The story of Jonah seems to contrast God's attitude toward the world and our own. Jonah did not seem to care, God did. God was filled with compassion, Jonah lacked it. One day a pastor was visiting with a parishioner who had recently visited Washington, D.C. with his wife in order to see the Vietnam Memorial. They had gone in hopes of seeing the name of their son, who had been killed in Vietnam. The man related this story. He said, "Part of the monument had been fenced off while a sidewalk was being repaired. Several individuals came up wanting to see the names of their deceased sons.
I am so happy to see you this morning. How are you? (children may respond)
Let's play a game I call “Lost and Found.” Okay? (children respond)
(presenter role plays) Uh, oh, I lost something for today's message. Hmm, I wonder where it could be. It's a box like this. (shows approximate dimensions) (instruct the children to look around the immediate area) (then presenter or child finds it)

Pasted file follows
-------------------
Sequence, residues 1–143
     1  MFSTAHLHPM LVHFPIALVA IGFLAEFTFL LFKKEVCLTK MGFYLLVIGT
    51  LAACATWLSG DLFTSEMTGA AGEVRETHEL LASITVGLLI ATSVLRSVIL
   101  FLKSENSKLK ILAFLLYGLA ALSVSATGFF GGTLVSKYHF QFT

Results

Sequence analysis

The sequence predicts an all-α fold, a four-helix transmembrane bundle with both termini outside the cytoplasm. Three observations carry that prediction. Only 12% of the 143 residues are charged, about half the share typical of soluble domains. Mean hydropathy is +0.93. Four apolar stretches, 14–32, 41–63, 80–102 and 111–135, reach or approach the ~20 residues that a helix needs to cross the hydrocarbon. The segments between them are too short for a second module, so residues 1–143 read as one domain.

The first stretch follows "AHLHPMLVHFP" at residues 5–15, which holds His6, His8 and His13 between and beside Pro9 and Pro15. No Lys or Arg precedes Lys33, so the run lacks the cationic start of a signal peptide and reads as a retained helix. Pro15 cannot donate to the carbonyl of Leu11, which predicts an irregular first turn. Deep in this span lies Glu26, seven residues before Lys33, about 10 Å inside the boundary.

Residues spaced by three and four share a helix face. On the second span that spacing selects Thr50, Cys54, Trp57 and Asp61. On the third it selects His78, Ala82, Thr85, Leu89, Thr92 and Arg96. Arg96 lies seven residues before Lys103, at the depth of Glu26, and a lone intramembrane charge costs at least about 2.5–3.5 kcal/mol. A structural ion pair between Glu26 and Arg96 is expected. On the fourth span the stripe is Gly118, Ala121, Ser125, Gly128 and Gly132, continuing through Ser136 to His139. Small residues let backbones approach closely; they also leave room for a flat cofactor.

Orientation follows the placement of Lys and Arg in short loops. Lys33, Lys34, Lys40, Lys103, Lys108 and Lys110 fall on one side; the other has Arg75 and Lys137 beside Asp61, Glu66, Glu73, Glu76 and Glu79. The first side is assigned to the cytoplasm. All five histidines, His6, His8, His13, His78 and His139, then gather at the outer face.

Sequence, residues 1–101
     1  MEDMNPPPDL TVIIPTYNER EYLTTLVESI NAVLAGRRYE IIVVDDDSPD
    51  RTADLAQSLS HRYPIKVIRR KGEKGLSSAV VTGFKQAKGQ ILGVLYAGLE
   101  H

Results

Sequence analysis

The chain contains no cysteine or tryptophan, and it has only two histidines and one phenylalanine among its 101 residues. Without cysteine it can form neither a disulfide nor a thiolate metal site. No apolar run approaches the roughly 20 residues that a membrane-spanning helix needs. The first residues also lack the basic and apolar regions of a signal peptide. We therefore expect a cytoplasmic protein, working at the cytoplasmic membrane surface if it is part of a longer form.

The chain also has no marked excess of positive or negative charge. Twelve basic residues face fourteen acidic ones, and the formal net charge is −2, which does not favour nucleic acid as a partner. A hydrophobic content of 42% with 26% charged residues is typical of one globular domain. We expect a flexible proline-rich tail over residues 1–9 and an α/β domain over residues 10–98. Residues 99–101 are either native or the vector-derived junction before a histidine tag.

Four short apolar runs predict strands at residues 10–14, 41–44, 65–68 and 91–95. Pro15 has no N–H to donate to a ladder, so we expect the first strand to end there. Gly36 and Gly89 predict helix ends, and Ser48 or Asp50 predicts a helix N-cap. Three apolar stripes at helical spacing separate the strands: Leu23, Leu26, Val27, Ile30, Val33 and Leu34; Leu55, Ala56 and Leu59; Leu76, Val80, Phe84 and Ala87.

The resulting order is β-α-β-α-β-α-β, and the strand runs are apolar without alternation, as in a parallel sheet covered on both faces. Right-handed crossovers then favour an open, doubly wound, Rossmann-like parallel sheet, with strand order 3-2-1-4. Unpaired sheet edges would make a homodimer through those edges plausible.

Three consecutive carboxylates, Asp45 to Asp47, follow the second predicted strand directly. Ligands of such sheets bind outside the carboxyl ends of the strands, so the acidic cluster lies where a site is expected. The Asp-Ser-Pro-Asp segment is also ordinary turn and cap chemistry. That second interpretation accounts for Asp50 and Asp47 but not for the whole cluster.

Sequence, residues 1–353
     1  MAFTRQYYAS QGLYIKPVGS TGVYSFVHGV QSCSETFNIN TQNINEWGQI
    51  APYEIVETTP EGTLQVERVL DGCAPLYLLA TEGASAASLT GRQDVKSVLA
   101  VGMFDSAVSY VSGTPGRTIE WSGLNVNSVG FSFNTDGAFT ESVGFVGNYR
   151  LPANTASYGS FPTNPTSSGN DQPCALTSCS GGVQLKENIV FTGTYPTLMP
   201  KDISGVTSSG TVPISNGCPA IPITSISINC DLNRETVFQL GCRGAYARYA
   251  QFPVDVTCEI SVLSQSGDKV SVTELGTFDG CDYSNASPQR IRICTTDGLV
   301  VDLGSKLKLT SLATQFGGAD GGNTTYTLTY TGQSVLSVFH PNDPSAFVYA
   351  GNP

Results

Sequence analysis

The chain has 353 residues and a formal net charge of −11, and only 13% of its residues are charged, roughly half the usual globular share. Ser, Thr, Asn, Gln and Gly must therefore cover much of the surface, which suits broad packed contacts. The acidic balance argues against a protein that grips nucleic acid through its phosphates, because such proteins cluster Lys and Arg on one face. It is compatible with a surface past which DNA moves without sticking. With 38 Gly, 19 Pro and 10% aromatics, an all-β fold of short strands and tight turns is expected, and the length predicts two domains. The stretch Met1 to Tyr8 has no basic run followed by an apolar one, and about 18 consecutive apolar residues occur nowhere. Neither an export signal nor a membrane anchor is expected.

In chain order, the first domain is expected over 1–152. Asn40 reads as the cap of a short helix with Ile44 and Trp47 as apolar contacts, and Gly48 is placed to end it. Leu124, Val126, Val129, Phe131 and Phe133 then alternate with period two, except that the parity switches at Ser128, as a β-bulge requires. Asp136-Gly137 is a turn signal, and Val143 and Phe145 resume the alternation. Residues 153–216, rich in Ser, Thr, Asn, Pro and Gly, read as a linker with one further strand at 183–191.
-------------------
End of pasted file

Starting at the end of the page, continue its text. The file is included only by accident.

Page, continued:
Since the Fourth Sunday in Lent has been historically identified as Laetare (Rejoicing Sunday), it is most appropriate that the lessons collectively testify to a theme for which we can rejoice — God saves us by his grace!
In this familiar and well-loved story of the Prodigal Son, I often wonder what happened to the mother of the family. She's totally ignored. So are any daughters. It seems like a completely male stronghold. So much so that I wonder whether perhaps the mother had died some years previously, and that was the cause of much of the unhappiness displayed by both the father and the sons. Or whether the father was such a domineering character that his wife played no real part in family life, but simply bowed her head in compliance with all his wishes, no matter how extreme they were.